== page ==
When I was thrown into the deep end of extemporaneous speaking at the ripe age of eleven years old, it would be fair to say I crashed and burned. I was placed in the event last minute to replace a team member, and I definitely did not perform at her level. However, despite my unusual introduction to extemporaneous speaking, or extemp, over the past five years I have grown fond of this event. Extemp. develops speech skills that are extremely helpful not only in debate rounds, but in all types of public speaking.
It is important to understand what extemporaneous speaking actually is before going into a round. The key is limited prep time. In a speech and debate tournament, speakers are given a topic about current events and have thirty minutes to prepare a seven-minute speech. Depending on the league you are competing in, you might be able to use a notecard in your round, but you also may not. Regardless, it is essential to use your thirty minutes strategically in order to give a successful speech once you enter your round. Extemp might seem challenging and unapproachable to new speakers, but these tips will help ease your mind and ensure your success in your first tournament!
Foremost, keep up to date on current events; this is not extemp-specific. In order to be a successful member of speech and debate, it is vital that you stay updated with the news. But in regard to extemp, this is even more important. All the topics for an extemp round are going to be surrounding current events. Prior knowledge about your topic can cut down your research time and help your speech flow much more clearly.
How to Use Prep Time
Now let's talk prep time! How are you supposed to curate an entire speech (intro, three main points, conclusion) in just thirty minutes? The answer is simple… you don't! See, the whole point of extemp is to encourage informed off-the-cuff speaking (which is what makes it different from impromptu speaking!) While you should be researching the topic and have some idea of what facts you are going to present to the judge, it should all flow naturally, and it doesn't need to have a set structure. But, over the past five years, I have found an efficient way to allocate time in order to be successful in my round.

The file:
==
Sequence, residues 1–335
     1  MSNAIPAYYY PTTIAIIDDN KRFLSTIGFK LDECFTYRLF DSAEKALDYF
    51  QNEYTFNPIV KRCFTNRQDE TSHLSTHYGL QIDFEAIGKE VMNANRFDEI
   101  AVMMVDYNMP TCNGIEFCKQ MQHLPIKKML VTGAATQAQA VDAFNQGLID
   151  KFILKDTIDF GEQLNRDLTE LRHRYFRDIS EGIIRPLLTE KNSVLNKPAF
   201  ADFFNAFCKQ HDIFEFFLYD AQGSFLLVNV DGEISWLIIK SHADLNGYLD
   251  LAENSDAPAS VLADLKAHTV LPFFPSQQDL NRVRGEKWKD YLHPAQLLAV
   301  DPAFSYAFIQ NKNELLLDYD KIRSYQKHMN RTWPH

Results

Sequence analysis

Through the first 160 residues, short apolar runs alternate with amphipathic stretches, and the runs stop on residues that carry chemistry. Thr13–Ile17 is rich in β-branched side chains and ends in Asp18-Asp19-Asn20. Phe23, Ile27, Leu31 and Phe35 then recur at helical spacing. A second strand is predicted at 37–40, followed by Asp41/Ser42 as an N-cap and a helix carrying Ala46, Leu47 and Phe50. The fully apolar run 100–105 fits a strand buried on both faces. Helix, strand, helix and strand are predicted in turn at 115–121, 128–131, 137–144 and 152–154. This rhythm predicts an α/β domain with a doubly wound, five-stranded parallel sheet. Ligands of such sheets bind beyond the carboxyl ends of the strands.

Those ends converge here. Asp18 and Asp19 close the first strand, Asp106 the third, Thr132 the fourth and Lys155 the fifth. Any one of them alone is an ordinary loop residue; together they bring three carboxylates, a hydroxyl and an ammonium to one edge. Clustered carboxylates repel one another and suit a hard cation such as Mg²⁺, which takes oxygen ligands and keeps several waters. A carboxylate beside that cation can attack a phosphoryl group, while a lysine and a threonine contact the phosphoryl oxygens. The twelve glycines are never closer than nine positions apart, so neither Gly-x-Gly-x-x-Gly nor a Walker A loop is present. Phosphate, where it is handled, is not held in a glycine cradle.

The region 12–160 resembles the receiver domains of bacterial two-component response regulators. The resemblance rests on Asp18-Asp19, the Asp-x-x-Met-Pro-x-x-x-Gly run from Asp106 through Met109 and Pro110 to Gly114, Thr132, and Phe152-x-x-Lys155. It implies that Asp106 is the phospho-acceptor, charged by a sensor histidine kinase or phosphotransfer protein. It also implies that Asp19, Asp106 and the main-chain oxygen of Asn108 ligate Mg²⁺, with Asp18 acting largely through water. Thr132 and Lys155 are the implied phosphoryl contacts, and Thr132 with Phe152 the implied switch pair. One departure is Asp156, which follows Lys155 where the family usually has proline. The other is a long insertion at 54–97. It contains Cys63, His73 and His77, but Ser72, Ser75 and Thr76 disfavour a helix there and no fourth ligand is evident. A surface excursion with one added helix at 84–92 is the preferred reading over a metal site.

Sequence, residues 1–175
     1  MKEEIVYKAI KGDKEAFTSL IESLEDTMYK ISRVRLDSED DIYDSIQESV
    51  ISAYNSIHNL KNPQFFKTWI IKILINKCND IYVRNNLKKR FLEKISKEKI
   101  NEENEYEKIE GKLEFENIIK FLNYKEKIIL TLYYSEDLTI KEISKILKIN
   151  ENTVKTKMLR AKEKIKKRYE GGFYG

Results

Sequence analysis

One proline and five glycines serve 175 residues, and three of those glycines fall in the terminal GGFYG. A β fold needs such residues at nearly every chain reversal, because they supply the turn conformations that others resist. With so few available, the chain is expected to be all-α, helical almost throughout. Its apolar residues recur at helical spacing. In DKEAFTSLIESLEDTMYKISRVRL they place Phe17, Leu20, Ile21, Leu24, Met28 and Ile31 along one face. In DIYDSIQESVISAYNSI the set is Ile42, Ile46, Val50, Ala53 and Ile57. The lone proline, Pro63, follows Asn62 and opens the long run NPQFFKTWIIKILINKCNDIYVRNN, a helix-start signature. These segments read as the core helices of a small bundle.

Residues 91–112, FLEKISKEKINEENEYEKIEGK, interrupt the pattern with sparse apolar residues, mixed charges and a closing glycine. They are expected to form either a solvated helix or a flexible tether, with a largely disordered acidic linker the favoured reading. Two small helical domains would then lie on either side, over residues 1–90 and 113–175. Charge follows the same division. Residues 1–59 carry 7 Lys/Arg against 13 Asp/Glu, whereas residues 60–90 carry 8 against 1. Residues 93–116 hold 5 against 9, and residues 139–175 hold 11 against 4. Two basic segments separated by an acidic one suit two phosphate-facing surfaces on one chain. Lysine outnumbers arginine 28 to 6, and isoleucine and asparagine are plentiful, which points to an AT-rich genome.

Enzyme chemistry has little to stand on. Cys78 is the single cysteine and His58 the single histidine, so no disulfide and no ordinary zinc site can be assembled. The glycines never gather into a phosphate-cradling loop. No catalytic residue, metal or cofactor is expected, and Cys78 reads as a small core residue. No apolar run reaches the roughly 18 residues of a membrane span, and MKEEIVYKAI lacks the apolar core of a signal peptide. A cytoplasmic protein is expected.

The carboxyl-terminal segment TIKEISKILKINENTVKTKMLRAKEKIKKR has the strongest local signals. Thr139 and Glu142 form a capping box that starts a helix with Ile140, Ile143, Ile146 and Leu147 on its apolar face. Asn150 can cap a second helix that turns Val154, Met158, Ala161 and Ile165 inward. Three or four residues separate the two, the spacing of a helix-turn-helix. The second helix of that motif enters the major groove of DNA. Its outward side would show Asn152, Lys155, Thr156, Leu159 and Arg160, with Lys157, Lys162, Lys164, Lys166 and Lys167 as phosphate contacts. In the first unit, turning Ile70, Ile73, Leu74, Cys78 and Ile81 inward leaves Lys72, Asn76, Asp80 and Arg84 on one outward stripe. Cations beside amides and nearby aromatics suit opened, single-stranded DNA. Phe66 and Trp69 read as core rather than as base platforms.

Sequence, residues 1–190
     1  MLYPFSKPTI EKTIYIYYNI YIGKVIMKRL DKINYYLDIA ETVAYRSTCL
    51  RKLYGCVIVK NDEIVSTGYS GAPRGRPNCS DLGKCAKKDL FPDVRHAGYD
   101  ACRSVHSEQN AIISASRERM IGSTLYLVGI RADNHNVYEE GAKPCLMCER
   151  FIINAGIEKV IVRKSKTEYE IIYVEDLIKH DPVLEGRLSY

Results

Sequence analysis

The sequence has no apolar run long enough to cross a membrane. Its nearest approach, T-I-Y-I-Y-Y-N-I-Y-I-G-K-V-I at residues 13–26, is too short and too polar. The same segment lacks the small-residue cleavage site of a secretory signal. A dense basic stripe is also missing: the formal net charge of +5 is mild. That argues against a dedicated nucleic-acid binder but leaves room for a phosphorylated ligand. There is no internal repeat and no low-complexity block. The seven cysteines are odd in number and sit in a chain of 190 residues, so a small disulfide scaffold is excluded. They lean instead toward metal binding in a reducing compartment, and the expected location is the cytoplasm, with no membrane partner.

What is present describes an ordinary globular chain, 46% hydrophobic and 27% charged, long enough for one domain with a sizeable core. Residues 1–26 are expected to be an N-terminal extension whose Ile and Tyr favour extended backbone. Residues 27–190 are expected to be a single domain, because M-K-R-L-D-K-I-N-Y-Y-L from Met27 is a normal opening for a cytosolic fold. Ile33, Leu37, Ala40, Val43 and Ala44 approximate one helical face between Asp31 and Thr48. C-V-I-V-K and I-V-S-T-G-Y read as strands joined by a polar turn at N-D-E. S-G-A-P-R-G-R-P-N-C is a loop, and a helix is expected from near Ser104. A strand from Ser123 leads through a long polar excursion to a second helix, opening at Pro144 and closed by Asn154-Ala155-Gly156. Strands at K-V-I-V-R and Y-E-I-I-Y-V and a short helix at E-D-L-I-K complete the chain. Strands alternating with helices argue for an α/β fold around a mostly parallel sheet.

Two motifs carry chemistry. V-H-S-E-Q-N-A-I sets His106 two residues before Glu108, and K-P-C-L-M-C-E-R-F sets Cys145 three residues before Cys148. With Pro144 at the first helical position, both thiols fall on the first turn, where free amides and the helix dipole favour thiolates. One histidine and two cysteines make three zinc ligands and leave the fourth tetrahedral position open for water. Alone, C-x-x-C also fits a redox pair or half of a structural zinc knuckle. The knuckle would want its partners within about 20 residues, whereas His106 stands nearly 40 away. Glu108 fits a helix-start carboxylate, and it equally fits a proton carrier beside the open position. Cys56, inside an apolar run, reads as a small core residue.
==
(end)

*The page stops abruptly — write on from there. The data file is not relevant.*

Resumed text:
Use five minutes to quickly research the topic. If your topic can be answered with a yes or no, come up with points to support each side. After doing your preliminary research, decide which side you can more effectively argue, and pick the strongest points you came up with.
Spend five to ten minutes researching your three points in-depth and gathering sources. Remember, with sources, it’s always quality over quantity. Use trustworthy, academic sites that your judge will know are reputable.
And finally, use the fifteen to twenty minutes left over to practice. If your league allows you to use a notecard, the only thing that should be on it are your three main points and your sources. Don’t waste valuable time writing your speech down. Leaving this much time to practice your speech helps you organize your thoughts while giving you a pretty clear idea of what you are going to say in your round. Using this strategy will help utilize your time in extemp prep to the best of your ability.
I’m sure you’ve heard this advice from every single debate/speech coach you’ve had, but it’s an important one. One of the most eye-opening pieces of advice I was given when I was a novice was that judges are just people! It sounds pretty obvious, but take a second to realize what this actually means. Judges know that you’re a middle school/high school student, and you probably don’t have the knowledge of a world leader or a professional researcher. If you simplify something, get a fact mixed up, or stumble over a few words, nine times out of ten, they are going to understand. Being nervous about making a mistake is usually more obvious than the mistake itself. Take a deep breath, and be yourself when you’re presenting! Speak in an engaging tone at a normal pace, and you’re going to do great.
Extemp is different from other speech events; you can practice the event a hundred times, and you might still stutter in a round. That’s okay! Speech and debate is an activity for building public speaking skills, and messing up is a part of the learning process. However, using these tips in your next tournament will definitely make the process less stressful and can help you avoid some of the common mistakes that many other extempers are prone to making.
Maya Nair, Missouri City, 12th Grade, @_mayanair